It turns out our world is the Outer World, and there’s a parallel Inner World. For some reason, entryways to the Inner World are opening to the Outer World. People are getting sucked in and MINDs are seeping out, and Kei, Sana, and Shizuku form a team and get involved with an investigation to find out what’s going on and hopefully stop the madness.
Brief shining moments, accompanied by stretches of ennui and routine.
There are things I loved about Mind Zero. Aksys’ translation and localization are wonderful, as usual. Especially since the story tackles some important issues like identity, individuality, and the nature of power. The mythology is interesting, and I was especially curious about what would happen to Leo, who had entered a less-than-ideal relationship with a MIND. But, as often is the case, such bright spots were countered with elements that often left me in alternating states of wanting and boredom.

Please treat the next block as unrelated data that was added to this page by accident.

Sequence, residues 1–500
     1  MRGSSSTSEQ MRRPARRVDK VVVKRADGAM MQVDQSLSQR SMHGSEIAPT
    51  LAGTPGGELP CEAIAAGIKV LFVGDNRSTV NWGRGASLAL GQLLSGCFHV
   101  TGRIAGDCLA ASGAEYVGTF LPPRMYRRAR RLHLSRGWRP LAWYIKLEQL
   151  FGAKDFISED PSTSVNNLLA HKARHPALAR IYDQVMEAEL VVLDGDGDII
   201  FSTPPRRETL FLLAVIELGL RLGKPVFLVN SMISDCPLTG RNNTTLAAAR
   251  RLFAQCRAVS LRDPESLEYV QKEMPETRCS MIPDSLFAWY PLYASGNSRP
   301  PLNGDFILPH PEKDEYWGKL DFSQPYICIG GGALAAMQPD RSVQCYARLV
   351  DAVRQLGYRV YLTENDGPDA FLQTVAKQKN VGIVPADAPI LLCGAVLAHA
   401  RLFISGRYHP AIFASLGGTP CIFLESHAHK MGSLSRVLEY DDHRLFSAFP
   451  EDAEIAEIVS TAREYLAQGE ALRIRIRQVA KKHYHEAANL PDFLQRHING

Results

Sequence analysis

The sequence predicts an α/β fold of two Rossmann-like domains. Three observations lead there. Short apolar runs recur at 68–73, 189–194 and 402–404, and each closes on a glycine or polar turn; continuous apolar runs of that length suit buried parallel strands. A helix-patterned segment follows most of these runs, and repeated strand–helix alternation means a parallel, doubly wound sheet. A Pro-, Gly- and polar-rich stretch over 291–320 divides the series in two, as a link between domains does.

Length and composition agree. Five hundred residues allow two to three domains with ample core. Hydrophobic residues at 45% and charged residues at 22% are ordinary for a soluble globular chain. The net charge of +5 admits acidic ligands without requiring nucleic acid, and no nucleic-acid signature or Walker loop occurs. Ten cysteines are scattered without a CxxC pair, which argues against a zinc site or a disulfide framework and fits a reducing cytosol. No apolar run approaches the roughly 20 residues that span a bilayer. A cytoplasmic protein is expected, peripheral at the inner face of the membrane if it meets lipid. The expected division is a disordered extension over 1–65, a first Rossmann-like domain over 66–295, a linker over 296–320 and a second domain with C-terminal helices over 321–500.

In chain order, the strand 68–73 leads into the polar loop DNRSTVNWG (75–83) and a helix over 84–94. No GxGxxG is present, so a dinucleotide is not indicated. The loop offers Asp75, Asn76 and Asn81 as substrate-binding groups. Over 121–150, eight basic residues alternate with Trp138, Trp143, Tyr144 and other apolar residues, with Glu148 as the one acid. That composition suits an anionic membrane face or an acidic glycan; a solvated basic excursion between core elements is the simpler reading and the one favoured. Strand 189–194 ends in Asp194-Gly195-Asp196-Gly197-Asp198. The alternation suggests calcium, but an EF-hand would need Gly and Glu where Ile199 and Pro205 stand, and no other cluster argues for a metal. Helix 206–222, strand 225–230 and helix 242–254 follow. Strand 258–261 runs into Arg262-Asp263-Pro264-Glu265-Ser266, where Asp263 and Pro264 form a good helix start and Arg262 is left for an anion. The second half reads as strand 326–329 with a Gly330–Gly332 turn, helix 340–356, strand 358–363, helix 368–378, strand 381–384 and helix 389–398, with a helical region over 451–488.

For instance, as good as the translation was and interesting as some characters could be, moments highlighting their development were surrounded by story segments that would get bogged down in tedium and the explanation of every little thing. For every five minutes where dialogue was crisp and realistic, there were 10-15 minute blocks where nothing remotely interesting was happening. Skipping said dialogue was an option, sure, but who knows what good or informative points could be skipped by such an action.